Thanks to $5 million in state funds, the waiting room and a former restaurant space located on the sides of the concourse will be rehabilitated for year-round use. Bathrooms will also be refurbished.
Other work to make the concourse more weather-tight and to add heating and ventilation systems is expected to get underway in the fall.
"This project not only will allow us to bring in more events for the East Side, but we think it will be a catalyst for the eventual redevelopment of the Central Terminal," said Jim Hycner, chairman of the nonprofit Central Terminal Restoration Corp., which has owned the building since 1997.
The focus on the concourse follows recommendations made in 2017 by the Urban Land Institute that called for more activities and events at the building as a way to jump-start interest for future development.
The restoration aims to extend the event season beyond the current April to October time frame and improve rental possibilities, Hycner said. About 30 events a year have been held in the Central Terminal.
First, an assessment of the spaces will help determine their uses.
"Our task is to define how the funds can be best spent to reinvigorate the facility to a point where it can be used and to spur future investment," said Robert Stark, a principal with CJS Architects.
A certificate of occupancy will be produced that will be helpful for planning future events.
The spaces to be renovated were once key features of the former railroad station, which at its peak saw 200 trains a day enter and depart.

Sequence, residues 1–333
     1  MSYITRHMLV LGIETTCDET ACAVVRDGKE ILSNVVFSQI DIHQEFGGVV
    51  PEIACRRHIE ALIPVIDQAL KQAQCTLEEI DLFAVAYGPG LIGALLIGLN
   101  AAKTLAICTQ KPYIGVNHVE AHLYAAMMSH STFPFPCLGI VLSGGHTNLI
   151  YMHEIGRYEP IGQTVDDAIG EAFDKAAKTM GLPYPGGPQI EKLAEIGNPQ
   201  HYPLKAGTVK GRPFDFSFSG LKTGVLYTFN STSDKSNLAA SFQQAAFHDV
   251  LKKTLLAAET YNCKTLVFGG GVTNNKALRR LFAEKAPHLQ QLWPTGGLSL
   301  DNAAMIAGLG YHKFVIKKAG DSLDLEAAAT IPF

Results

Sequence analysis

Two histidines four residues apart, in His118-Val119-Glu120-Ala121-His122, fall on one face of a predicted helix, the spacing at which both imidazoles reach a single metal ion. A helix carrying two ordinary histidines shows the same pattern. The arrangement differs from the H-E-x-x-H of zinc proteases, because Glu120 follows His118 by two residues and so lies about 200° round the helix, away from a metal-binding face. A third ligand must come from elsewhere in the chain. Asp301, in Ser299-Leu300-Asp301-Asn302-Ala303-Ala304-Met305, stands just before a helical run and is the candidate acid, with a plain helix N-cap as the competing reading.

The restaurant was ornate, with curved horseshoe counters and dining spaces on either side. Stark said a decision hasn't been made yet on whether there will be a working restaurant or even a renovated kitchen. Currently, caterers bring in food for events.
Inside Buffalo's Central Terminal, an art deco marvel in decay
The waiting room was another grand space in the Central Terminal's heyday.
Stark said he and CJS Architects are "absolutely thrilled" to be working on the Central Terminal.
"It is such a monumental building," Stark said. "We have been proponents of the restoration of the building for a while now. We can't wait to really jump in with both feet to see how we can assist them."
Last year, a $250,000 grant from Assemblywoman Crystal Peoples-Stokes helped bring back commercial-grade power to the building for the first time since the building ceased to operate as a train station after 50 years in 1979.
Funding from Fillmore Council Member David Franczyk and donations from Harter Secrest & Emery and M&T Bank also brought LED lighting to the outside of the Central Terminal's tower and solar panels on the roof.
Originally published by Mark Sommer at the Buffalo News.